Take a seat at the big table
by David Tracey
• Food is a delight, a wonder, a blessing, a need and a problem as big as the world. One billion people don’t have enough to eat, according to the UN World Food Programme, and hunger kills more people every year than AIDS, malaria and tuberculosis combined. At the same time, another one billion people are eating too much so we now have a global epidemic in obesity.
You don’t have to look around the globe to find a broken food system. Here at home, 900,000 Canadians must visit food banks every month just to get by. When the United Nations’ leading food expert visited last month to report on how food issues affect people even in a country like Canada, the government response was stunning. Rather than thank Olivier De Schutter for pointing out some major problems and recommending a national right-to-food plan, Health Minister Leona Aglukkaq called him “ill informed and patronizing” because he didn’t know the real food issue in northern Canada was “fighting environmentalists.”
What to do? Plant the seeds of a brighter food future. Here’s the good thing about food politics: just as it affects everyone, everyone has a role in making it better. It takes a big table when you invite people together to talk about food. Farmers, nutritionists, activists, teachers, producers, distributors, recyclers and others are joining together in communities throughout North America to discuss alternatives to the industrial food system.
Their efforts typically target local issues, which is as it should be, but because many of our food system problems are the result of institutional forces making decisions far from our own neighbourhoods, it’s vital that local groups combine their efforts and work together. Here in BC, we have the BC Food Systems Network which holds its 2012 Gathering July 5-8 on Gambier Island (open to all). The BCFSN is a province-wide grassroots organization bringing people from diverse areas and backgrounds together to share knowledge, strategies, success stories and, of course, food.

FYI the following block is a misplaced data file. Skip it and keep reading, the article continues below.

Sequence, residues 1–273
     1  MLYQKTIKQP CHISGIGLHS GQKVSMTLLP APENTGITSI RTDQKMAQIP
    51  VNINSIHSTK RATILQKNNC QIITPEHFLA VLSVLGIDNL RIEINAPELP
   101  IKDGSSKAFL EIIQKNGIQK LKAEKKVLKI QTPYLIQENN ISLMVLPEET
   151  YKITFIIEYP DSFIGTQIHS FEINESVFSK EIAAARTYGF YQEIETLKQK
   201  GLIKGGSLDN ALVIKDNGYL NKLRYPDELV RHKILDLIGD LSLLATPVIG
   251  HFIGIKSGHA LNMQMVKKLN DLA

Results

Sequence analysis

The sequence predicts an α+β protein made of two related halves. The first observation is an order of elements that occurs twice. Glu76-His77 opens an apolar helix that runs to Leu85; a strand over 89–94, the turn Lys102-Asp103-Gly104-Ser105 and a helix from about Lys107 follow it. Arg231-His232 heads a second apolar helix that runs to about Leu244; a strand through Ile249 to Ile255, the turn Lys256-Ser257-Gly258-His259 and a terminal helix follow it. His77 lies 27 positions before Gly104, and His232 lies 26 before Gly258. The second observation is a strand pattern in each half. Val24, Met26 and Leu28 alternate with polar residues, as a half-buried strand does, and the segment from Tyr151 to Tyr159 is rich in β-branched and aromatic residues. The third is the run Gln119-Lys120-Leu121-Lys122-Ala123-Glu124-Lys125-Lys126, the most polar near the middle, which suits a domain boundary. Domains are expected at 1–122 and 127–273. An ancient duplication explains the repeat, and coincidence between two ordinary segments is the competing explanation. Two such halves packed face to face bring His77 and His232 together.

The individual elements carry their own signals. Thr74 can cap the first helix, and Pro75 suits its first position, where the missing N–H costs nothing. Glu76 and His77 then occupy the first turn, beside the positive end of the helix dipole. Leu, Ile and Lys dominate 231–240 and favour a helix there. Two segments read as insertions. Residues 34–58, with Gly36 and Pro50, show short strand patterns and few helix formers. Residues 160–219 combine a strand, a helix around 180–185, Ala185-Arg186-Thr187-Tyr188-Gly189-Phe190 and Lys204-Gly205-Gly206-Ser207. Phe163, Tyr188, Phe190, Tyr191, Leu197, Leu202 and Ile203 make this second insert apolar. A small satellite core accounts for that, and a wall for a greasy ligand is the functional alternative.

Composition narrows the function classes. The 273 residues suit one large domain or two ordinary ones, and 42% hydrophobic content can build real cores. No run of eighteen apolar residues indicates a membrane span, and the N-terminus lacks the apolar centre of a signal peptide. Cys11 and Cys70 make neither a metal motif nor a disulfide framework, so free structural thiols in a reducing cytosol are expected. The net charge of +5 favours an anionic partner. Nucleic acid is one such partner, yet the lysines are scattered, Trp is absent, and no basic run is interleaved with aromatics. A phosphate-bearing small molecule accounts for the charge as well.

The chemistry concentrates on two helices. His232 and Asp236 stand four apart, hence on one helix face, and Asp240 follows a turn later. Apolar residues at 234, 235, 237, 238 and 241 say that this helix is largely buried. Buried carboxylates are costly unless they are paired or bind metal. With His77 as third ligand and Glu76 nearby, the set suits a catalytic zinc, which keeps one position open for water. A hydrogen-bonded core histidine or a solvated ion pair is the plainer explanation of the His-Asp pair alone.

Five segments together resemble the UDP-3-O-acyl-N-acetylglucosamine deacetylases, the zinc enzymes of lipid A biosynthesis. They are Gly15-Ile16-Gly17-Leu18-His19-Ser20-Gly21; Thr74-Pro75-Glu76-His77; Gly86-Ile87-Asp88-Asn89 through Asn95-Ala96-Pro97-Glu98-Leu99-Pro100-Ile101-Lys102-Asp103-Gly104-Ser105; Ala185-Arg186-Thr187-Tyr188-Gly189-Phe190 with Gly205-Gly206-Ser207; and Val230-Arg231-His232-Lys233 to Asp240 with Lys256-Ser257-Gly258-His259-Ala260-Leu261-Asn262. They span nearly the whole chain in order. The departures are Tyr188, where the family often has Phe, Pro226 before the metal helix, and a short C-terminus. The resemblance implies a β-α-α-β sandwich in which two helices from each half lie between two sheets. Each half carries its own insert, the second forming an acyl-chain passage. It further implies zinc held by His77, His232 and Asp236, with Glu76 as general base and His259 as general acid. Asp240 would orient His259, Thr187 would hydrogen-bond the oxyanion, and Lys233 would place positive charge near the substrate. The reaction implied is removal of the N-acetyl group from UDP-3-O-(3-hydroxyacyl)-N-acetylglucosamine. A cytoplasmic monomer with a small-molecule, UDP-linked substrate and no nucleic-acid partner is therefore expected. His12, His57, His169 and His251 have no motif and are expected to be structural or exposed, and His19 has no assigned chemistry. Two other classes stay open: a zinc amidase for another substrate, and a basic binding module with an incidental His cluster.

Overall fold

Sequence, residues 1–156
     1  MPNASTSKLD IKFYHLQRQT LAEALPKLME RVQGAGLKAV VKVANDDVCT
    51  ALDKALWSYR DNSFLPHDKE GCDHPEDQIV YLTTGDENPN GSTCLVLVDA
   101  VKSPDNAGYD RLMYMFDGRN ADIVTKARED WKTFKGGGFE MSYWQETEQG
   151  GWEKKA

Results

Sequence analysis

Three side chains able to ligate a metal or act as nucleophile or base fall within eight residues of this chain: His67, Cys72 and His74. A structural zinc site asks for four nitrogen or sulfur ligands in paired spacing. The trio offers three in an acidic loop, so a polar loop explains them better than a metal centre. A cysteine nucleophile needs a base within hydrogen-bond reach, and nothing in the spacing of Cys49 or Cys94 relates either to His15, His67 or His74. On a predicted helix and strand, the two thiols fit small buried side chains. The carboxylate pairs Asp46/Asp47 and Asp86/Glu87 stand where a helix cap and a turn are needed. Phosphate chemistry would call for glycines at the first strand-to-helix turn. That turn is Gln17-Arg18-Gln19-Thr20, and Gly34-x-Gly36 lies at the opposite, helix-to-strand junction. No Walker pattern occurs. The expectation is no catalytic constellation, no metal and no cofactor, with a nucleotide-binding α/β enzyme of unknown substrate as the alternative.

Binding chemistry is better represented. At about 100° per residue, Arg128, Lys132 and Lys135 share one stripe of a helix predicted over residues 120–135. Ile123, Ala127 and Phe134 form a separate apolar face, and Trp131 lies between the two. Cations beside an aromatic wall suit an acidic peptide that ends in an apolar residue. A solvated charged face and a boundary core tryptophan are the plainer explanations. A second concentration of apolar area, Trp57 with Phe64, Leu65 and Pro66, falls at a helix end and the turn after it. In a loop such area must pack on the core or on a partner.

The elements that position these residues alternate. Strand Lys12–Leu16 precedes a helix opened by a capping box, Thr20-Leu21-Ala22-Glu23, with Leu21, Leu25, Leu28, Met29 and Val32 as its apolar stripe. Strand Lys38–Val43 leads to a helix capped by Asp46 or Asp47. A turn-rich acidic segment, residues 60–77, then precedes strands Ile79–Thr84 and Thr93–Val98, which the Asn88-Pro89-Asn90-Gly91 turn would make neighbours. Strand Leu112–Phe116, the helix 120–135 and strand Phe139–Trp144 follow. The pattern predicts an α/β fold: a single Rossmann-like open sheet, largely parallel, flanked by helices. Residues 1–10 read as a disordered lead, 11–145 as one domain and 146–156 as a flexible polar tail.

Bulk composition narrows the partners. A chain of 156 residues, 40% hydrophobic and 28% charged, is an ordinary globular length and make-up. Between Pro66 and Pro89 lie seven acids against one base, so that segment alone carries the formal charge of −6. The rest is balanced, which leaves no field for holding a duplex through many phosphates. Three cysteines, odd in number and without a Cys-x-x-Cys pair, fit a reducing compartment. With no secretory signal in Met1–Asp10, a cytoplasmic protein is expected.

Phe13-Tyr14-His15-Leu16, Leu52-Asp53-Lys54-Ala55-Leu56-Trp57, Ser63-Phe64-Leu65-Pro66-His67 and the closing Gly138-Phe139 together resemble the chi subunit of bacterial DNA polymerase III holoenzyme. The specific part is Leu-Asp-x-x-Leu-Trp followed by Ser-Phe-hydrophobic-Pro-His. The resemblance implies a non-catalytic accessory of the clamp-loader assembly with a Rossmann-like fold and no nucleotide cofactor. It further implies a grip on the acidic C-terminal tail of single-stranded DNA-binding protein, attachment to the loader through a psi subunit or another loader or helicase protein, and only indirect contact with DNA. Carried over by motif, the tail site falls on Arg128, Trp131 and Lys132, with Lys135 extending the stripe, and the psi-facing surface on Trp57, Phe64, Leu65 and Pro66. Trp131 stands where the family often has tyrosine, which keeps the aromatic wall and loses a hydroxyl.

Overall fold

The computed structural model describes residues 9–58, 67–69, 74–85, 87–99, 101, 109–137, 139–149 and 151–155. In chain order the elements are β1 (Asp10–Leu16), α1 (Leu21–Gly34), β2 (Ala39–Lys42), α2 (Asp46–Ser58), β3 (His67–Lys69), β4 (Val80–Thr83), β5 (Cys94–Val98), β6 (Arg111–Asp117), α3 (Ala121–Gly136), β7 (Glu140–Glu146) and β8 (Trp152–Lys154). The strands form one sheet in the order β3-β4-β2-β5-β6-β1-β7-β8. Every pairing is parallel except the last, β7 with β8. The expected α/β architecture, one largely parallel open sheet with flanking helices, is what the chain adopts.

The Gathering, held every year since 1999, is like a family reunion that turns up relatives you never knew you had. Even those immersed in the struggle for food democracy can be surprised and energized to see the depth and breadth of work going on throughout the province.
Because the network operates on the principle that we – meaning all of us – are the experts, the Gathering is not a convention of celebrity speakers and corporate sponsors. Instead, members share what they’re doing and what they’ve learned. This could be through seed-saving workshops, discussions on creating community gardens and round-table talks on best strategies for non-profit groups to attract donors.
With a federal government showing all the smarts of a schoolyard bully and growing pressures from the food industry – did you hear about the application to sell a GMO apple or the BC government’s move to make it illegal to even talk about reportable diseases in animals destined for human consumption? – the theme for this year’s Gathering couldn’t be more timely: “Reclaiming Our Food System: Policy and Practice.” For more information on the Gathering, visit the BCFSN website at fooddemocracy.org.
David Tracey is the author of several books including Urban Agriculture: Ideas and Designs for the New Food Revolution. He is on the board of the BC Food Systems Network.